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New pact targets child labour

Workers attach brand tags to items of clothing
Workers attach brand tags to items of clothing earlier this year in Phnom Penh. A new agreement will be signed today to monitor child labour in Cambodia’s garment industry. Vireak Mai

New pact targets child labour

An agreement regarding child labour in garment factories that will be signed today spells out specific consequences for hiring minors, while also saying that only buyers, garment manufacturers and the government will be notified of cases of child labour in factories.

“Confirmed child labour only is reported to [the Garment Manufacturers Association in Cambodia (GMAC)], factory buyers, and the Minister of Labour,” reads the protocol that is part of the Agreement on Child Labour Protection.

Janika Simon from Better Factories Cambodia (BFC) said yesterday the condition means BFC will not sound alarms every time they find a case of child labour.

“That would mean that every time we found one, we would have to go to the public,” Simon said.

The agreement, which is scheduled to be signed by BFC and GMAC officials this afternoon, reinforces previous laws and memoranda of understanding, while also dictating the reporting processes
and monitoring.

“We want BFC to only report confirmed cases [to buyers],” GMAC deputy secretary general Kaing Monika said yesterday. “We have information from some of our members that BFC notified a buyer and there were consequences, such as the buyer stopping orders.”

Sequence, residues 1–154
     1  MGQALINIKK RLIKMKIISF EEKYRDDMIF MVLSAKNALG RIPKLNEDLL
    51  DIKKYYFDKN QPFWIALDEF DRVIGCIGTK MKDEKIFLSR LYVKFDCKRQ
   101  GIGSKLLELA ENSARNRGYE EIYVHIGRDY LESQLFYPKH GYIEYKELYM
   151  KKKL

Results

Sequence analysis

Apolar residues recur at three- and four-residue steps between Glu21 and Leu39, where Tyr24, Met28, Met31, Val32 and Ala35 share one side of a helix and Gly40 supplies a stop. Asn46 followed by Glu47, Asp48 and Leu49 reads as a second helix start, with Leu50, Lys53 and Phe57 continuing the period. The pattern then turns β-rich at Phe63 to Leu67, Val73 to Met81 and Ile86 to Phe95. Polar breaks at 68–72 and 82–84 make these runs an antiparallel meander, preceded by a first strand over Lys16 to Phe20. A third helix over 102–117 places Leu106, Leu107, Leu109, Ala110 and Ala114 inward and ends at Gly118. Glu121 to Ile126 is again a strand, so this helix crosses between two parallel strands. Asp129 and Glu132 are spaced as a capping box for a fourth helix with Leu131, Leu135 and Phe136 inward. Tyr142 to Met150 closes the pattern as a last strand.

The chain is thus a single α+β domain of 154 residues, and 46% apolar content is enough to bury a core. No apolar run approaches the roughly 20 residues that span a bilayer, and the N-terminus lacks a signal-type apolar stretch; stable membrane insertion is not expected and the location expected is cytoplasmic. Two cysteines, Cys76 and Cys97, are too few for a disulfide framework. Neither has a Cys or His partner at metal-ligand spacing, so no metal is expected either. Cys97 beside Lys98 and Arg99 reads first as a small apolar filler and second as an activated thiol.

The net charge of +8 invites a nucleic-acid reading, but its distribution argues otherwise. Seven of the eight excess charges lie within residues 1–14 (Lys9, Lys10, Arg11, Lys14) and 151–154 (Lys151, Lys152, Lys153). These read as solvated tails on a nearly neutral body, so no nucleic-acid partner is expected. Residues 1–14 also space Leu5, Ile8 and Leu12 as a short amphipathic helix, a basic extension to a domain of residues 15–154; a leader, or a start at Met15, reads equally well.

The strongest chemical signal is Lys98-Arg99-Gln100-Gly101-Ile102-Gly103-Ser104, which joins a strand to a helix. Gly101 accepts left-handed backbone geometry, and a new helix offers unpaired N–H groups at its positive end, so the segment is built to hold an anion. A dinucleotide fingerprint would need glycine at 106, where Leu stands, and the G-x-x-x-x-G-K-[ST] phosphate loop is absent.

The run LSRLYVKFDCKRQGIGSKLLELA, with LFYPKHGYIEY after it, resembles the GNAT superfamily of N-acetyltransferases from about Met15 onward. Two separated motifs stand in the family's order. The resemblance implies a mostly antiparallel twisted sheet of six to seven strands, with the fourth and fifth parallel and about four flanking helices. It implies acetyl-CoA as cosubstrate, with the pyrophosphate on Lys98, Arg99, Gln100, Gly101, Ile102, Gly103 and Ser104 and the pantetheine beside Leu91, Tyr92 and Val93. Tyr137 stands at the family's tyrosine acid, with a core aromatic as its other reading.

Also under the agreement, if BFC monitors suspect a factory employee to be under the age of 15 – the Kingdom’s legal minimum working age for “light duties” and reduced hours – they must first ask the employer. If the employer denies or is unsure, BFC must complete a field investigation – where they must find documentation of the person’s age.

If the employee is found to be underage, the factory or GMAC will be responsible for the investigation’s cost – estimated at $1,125. If no documentation confirming the worker was underage when hired is found, BFC will pay.

Also, if the employee is under 15, the factory is responsible for removing the child from the workplace and paying the wages he or she would have earned working for the factory, as well as education or vocational training fees, until the child turns 15, the agreement says.

George Yoshimoto of shoe giant ASICS, which is a buyer from Wing Star Shoes, where an underage worker was killed last year, said in an email that underage labour is a problem in Cambodia. “The underage worker issue is not [an] uncommon challenge in Cambodia and ASIwCS is working with the factories and ILO Better Factories Cambodia to prevent such cases.”

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